Time magazine explains How to Fix No Child Left Behind by looking at five questions around which they say the debate over renewal of the law is focused.
AYP on reading and math tests: Is it the right tool for measuring learning and raising achievement in the nation’s schools?
No. As the article notes, NCLB is “too inflexible, too arbitrary and too punitive”. It has forced most schools to narrow their goals to raising the test scores of the lowest students while ignoring students who are capable of doing so much more than the minimum.
Are the 50 states, each of which devises its own annual tests and curriculum standards, setting the bar high enough for students, and if not, what should be done about it?
Of course not, but not for the reasons highlighted by the article.
The primary problem is that the vast majority of schools in the US are organized to provide an education appropriate to 1955 and NCLB does nothing to address that.
In fact the law reinforces the assembly line educational structure and traditional curriculum making it even harder for those few schools that want to change.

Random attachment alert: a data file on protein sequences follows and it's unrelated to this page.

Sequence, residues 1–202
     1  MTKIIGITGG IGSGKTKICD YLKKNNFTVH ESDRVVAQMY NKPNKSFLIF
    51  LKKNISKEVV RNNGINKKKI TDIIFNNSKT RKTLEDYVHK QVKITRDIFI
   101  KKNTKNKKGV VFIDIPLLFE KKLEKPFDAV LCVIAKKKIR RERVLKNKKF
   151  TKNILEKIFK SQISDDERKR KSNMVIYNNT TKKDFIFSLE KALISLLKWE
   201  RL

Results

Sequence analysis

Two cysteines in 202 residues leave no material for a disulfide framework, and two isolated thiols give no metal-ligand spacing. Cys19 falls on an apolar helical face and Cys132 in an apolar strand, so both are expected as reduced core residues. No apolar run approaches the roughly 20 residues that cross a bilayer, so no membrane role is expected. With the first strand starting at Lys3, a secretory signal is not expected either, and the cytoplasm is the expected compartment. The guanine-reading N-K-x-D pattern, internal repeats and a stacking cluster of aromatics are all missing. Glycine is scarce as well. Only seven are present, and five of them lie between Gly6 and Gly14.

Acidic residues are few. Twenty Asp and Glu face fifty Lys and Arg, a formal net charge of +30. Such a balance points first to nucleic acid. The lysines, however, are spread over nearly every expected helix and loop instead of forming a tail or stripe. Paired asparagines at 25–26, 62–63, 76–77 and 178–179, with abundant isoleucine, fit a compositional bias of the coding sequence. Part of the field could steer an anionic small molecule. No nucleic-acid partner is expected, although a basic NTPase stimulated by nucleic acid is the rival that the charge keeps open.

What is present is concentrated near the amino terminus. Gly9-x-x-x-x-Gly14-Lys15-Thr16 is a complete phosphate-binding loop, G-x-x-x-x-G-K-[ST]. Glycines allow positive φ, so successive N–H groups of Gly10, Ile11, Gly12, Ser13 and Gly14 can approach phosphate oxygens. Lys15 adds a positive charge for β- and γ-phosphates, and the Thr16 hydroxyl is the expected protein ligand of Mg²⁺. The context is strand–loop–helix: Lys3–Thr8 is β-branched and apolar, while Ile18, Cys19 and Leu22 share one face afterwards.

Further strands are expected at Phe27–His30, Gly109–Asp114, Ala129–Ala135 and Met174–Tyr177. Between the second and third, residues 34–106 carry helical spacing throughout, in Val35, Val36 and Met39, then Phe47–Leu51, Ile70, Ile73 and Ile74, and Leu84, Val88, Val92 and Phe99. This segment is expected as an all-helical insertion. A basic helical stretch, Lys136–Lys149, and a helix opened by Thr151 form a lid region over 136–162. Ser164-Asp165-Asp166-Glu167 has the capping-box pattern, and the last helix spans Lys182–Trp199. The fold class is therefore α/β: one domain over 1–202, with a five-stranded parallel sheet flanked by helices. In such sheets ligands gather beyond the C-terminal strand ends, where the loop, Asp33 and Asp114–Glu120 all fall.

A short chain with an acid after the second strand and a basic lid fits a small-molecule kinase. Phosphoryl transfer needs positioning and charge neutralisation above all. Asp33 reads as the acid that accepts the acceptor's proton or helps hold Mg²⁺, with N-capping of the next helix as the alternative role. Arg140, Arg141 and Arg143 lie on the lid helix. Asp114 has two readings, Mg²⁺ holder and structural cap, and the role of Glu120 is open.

Is the focus on reading and math distorting and narrowing education?
Hell, yes. Just look at the growing numbers of students who no longer have instruction in art, music, physical education and even social studies because they are required to participate in even more test preparation activities.
Do the law’s requirements for teacher qualifications make sense, and are they raising the quality of the U.S. teaching force?
No and no. Teacher qualifications under NCLB focus completely on knowledge of subject matter. The law doesn’t care if they can actually teach.
Are the directives aimed at failing schools having the intended impact? What is the right role for the Federal Government in fixing bad schools?
That depends on whether you believe rising test scores on standardized tests reflects increased learning.
However, the bottom line in all this is that No Child Left Behind is based entirely on unsound and fallacious educational concepts, to put it mildly.
It can’t be fixed.